That’s how three European engineers are feeling after learning they’ve been named among the Phase 1 winners of the GoFly Prize.
GoFly is a two year, $2 million international competition to create a personal flying device, sponsored by Boeing. Each winning GoFly design lays the foundation for a prototype that will safely carry a person 20 miles without refuelling or recharging with vertical, or near vertical take-off and landing capabilities.
Ten teams from around the globe, including three from teams based in Latvia, Netherlands and the UK, will advance to the next phase of the competition.The winning teams earned the highest marks from a panel of industry expert judges who reviewed hundreds of designs for personal flying devices that can safely be used by anyone, anywhere.
Victor Sonneveld is an aerospace engineering student who headed the Netherlands team. He and his teammates had submitted designs for student competitions in the past but said the GoFly Prize is very different from other contests.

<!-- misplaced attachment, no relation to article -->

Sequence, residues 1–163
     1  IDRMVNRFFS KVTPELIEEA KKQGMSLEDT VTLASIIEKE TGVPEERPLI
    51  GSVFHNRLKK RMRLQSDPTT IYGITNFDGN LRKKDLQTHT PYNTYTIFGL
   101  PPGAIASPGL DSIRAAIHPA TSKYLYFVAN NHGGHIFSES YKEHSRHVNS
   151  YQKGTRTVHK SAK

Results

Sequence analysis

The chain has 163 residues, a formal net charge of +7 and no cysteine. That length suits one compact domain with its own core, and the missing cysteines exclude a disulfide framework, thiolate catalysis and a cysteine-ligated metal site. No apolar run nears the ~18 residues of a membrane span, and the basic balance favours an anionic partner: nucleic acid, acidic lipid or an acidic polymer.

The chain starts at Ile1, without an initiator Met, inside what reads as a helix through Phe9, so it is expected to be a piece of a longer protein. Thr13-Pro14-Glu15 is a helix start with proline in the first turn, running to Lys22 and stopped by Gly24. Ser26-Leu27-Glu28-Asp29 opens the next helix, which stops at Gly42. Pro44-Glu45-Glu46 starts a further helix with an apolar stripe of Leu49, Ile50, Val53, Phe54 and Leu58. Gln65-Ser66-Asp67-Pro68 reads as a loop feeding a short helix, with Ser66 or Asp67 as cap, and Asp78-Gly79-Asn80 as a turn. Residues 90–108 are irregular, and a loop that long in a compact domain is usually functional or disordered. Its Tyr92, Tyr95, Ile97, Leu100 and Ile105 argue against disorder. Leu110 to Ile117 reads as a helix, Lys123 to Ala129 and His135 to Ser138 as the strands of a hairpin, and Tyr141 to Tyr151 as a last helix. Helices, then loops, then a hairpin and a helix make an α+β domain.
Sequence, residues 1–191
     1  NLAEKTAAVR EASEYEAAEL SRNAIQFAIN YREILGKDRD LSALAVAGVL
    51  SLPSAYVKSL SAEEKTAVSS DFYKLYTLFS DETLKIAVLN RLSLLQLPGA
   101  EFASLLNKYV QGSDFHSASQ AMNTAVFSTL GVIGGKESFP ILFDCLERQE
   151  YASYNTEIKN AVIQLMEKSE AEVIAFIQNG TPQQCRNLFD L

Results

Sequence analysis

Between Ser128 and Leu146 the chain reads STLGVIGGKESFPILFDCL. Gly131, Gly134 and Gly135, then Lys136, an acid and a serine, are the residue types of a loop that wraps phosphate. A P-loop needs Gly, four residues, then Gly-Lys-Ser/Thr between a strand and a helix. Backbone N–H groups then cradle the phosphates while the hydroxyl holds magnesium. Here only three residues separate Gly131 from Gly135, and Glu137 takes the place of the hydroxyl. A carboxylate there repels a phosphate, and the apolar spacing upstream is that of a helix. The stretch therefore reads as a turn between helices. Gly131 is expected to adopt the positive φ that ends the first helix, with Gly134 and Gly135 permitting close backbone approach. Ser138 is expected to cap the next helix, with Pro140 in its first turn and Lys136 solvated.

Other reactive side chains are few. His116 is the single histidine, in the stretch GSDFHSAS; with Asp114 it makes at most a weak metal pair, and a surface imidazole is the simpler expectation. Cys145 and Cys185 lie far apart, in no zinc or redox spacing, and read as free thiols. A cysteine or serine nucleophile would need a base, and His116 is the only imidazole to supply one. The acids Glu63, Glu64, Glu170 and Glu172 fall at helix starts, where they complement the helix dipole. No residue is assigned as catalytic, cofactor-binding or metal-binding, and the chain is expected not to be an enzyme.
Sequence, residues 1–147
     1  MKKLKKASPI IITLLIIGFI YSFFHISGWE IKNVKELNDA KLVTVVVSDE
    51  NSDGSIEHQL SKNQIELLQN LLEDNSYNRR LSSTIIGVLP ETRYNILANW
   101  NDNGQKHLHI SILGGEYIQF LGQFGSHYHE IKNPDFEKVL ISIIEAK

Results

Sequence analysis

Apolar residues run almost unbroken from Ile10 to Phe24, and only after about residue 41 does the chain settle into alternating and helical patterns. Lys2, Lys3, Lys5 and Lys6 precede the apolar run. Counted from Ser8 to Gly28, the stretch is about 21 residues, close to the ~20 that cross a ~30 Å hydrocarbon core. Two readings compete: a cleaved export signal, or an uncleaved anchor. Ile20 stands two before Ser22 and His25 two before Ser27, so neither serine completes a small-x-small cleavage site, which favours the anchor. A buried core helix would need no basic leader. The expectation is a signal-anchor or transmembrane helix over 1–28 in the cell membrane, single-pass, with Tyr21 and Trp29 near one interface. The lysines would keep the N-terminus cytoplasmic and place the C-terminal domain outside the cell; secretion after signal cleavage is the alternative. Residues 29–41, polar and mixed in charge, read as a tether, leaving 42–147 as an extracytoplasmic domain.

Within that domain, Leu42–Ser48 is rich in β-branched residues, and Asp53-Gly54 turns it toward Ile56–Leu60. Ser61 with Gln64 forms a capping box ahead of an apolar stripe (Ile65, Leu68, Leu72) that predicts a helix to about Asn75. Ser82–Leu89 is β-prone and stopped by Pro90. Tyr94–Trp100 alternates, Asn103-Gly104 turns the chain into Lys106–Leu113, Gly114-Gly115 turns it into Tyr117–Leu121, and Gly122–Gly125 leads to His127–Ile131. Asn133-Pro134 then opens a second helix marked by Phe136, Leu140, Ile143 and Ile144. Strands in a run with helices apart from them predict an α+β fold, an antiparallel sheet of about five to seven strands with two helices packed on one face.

“Winning this prize feels like GoFly experts have validated our design, which is a great honour and motivation for us,” said Sonneveld. He said having Boeing as the competition sponsor elevated it to the next level. “An industry leader becoming a grand sponsor has made it a serious competition and attracted the best engineers from around the world.”
The winning team from Latvia is from the start-up Aeroxo LV. Team leader Vladimir Spinko said they created their tiltrotor design with a specific audience in mind: bikers. “They are not afraid of anything, they are used to 150-200kmph speeds,” he explained, adding that winning a GoFly prize is validation for his team. “I always knew my team is the very best and very special one – winning the GoFly Prize means I am on the right way to tell the world about it.”
The 7-person UK team submitted a design called “Vantage,” a five-rotor air bike. When asked about his favourite features of the team’s futuristic “leap” design, team co-founder Jakob Howard said their design is created not to be “cool” but rather, safe and functional.
“Our vehicle is able to remain stable and land safely even if any of the five rotors fails,” said Howard. “We also have full redundancy in all control systems for an additional layer of safety. While these are not ‘sexy’ features, they will be central to producing a vehicle that can be commercially successful.”